This myth of conscription as power-bestowing initiation is not effective in that it gets rid of all the rage and resentment that a man feels who is faced with the persecution of the draft and military “service.” It is effective in that it confuses his anger. In the time-honored tradition of oppressors, the state can then deflect that anger from itself towards two convenient groups: “the enemy” and wimmin in general. It is, though, to the advantage of the patriarchy that, within the boundaries of its own state, the rage against wimmin, in contrast to the rage against the enemy, be controlled: they keep wimmin in our place rather than murdering us, in general at any rate. Against the wimmin of “the enemy,” the rage need not be controlled. Witness the traditional rite of a victorious army to rape or slaughter wimmin as “spoils of war.”

The myth which is inflicted on all of us, wimmin and men, from our earliest childhood, is thus fashioned to achieve this end. The man learns that he has a duty to defend helpless womanhood. Lurking beneath this altruistic sentiment is the assumption that wimmin are to be resented not only because we do not share the burden of military service but because our helplessness is at best the partial cause of its necessity. Furthermore, the man is taught that, in exchange for his protection, wimmin over him gratitude and obedience. How dare she refuse him nurturance, or sexual submission, when he may be asked at any moment to give his life to preserve her honour and that of his country? And how can she refuse, when the power of violence is his alone? Wimmin learn this myth from the other side: learn to stand in awe of men because of their casual familiarity with violence; learn that we can’t survive outside of their protection; learn that the man’s role of sacrificial warrior gives him irresistible moral leverage over us, which justifies his social and political dominance.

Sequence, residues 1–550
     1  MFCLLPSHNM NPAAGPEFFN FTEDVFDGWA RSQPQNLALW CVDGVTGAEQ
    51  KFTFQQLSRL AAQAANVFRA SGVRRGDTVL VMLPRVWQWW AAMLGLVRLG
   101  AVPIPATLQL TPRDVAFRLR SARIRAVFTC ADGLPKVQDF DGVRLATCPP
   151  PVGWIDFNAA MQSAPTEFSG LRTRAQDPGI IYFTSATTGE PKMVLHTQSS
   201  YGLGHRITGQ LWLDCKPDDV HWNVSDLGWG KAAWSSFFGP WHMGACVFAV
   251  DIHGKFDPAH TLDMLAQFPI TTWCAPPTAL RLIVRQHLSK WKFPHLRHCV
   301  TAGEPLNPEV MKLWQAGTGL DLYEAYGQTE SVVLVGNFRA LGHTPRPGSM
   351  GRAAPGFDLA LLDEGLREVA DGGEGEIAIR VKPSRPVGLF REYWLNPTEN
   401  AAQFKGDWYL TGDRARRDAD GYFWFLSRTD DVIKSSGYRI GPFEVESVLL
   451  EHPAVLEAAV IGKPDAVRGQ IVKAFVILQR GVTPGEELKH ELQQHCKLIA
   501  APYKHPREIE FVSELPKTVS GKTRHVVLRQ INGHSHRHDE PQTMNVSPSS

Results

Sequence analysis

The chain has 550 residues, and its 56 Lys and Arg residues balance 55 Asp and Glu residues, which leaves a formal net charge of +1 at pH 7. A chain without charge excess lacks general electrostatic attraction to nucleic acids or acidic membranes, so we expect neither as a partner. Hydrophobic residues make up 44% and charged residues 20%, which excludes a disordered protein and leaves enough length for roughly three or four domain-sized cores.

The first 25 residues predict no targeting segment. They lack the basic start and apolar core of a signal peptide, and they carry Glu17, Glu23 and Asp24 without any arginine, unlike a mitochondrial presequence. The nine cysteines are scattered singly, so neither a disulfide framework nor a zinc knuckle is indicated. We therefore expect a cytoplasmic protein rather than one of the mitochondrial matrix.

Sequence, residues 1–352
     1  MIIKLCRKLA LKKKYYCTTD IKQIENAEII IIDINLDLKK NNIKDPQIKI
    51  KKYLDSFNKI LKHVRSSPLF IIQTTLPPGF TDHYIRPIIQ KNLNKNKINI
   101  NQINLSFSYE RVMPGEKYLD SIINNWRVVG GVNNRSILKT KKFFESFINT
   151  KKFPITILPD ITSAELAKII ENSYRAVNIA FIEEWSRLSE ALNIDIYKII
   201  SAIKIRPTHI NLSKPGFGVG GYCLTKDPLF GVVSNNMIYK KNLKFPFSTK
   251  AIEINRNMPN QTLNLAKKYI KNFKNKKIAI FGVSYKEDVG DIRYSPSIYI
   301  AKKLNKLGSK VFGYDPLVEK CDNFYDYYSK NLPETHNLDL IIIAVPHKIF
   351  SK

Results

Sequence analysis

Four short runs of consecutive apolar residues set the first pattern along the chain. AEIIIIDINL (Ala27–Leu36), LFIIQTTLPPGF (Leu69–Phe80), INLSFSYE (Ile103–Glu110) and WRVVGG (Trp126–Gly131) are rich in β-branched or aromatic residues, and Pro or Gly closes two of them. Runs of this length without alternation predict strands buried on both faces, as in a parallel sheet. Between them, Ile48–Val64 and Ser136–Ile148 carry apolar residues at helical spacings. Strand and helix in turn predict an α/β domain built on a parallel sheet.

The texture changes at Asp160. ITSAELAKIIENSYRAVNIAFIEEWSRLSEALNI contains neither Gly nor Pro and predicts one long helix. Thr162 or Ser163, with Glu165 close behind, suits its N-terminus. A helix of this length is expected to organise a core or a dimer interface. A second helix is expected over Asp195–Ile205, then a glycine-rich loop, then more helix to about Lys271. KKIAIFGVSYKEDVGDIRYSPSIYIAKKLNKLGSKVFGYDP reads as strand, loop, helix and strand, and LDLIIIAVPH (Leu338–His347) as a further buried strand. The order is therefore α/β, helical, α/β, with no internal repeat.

It is significant that virtually no established government of western society has put wimmin into positions of combat. Wimmin have, however, often fought side-by-side with men in revolutionary struggles. I believe that one reason patriarchal societies do not use wimmin in combat roles is that to do so would disturb the status quo. When people are truly engaged in revolutionary struggle they are, at least for the moment and in some measure, breaking out of the status quo into freedom. However, once (as has always happened so far) the struggle towards a free society has been swallowed up again by the imposition of centralized control, wimmin can no longer be tolerated as fighters.